Speaking of the fans, with a regular configuration cap of 41,418 and over 46,000 including standing room it’s plenty big for all of them even if it is on the smaller side. It’s certainly a knock on holding it there that it won’t match the big numbers previously put up, but that’s rarely what the critics point out. Well, that’s still nearly 50,000 fans who will be rocking the red for their home team and display the same kind of gusto and representative character that other home teams have been able to produce and that’s what is most important. It’s about the hosting franchise putting their fans on display.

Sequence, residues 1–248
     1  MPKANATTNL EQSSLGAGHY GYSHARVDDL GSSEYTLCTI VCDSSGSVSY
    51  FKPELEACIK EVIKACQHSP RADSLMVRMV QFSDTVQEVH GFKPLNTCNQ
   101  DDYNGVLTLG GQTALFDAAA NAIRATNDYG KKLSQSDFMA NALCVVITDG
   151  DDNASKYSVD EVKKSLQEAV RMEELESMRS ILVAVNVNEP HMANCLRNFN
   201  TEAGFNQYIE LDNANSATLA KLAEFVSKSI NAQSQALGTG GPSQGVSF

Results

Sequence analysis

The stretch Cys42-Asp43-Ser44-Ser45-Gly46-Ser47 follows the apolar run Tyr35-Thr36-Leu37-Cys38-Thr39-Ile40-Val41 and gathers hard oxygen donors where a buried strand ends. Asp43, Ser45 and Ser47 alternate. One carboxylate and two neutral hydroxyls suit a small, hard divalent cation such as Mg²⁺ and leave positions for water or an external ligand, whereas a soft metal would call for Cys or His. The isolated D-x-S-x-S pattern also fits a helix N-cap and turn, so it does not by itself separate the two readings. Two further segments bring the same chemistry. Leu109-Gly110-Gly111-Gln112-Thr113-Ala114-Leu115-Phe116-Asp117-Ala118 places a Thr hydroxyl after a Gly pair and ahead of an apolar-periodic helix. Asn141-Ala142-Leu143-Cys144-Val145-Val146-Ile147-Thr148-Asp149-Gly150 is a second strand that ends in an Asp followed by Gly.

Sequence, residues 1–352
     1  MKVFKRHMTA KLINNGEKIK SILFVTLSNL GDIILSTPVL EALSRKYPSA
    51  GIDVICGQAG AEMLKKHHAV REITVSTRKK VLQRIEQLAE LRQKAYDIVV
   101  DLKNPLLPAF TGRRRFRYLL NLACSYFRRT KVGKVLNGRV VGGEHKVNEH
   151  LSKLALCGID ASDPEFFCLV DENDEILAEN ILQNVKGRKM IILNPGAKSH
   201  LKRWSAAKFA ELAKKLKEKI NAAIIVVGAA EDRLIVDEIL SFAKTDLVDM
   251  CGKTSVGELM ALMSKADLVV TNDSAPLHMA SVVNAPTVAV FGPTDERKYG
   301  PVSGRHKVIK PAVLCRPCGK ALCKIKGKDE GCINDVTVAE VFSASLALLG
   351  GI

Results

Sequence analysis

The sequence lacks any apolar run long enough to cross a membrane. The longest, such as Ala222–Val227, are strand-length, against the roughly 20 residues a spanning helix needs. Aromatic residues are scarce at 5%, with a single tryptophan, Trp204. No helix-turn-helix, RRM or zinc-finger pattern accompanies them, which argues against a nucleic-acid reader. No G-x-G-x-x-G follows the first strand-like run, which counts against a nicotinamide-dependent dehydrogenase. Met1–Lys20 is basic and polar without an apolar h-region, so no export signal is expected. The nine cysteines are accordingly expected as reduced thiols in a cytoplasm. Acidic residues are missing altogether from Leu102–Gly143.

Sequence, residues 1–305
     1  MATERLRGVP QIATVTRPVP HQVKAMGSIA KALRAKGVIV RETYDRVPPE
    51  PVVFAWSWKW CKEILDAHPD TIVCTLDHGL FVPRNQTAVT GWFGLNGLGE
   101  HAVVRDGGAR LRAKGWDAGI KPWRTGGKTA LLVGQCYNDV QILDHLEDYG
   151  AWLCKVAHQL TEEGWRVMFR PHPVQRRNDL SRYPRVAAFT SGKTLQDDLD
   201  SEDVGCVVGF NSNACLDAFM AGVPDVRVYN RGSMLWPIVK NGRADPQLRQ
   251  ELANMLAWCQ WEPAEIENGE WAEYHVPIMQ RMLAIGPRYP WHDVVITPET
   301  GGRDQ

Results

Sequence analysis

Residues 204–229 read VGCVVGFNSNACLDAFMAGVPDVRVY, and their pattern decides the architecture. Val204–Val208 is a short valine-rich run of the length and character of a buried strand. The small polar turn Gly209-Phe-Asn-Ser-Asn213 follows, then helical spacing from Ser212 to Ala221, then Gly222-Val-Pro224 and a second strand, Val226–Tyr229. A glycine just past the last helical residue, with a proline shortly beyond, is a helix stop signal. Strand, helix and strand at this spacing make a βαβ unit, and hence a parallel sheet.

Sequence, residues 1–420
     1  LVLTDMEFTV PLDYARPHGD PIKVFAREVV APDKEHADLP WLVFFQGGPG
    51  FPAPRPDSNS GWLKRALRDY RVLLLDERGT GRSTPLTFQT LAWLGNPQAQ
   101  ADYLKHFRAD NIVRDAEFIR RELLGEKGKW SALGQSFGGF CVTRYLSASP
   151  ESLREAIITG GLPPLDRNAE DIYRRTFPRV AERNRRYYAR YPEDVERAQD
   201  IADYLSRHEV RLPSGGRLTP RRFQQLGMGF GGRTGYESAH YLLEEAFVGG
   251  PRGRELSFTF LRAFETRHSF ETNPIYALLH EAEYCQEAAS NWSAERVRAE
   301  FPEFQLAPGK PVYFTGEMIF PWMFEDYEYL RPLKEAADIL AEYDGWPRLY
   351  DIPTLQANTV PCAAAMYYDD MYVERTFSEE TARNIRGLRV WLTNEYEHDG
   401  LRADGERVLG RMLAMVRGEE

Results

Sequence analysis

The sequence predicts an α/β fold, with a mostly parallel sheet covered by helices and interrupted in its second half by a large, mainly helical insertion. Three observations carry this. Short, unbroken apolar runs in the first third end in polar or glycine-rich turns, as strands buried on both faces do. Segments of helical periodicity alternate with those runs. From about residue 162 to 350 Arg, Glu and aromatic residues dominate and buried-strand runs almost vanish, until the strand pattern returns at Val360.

And, to that end the showcase is on the city and it’s fans first and foremost which is why the league has all the pomp and circumstance before the big game in the host city. Taking that away from Washington DC would be disrespectful to the Capitals and their fans who call the DC metro area their home. If Baltimore or any other regional city were indeed a better host why are the Capitals remaining in DC in the first place? Under the guise of having it in another regional town wouldn’t it make sense for that to be the new Caps home since it’s a better hockey spot? Well, since the Caps obviously aren’t moving to a different metropolitan area in the same geographical region anytime soon, let’s just put this talk of Baltimore, or any place else to bed and be exciting that a thriving area of DC will be hosting a huge event like the Winter Classic in front of some of the most durable hockey fans in the world!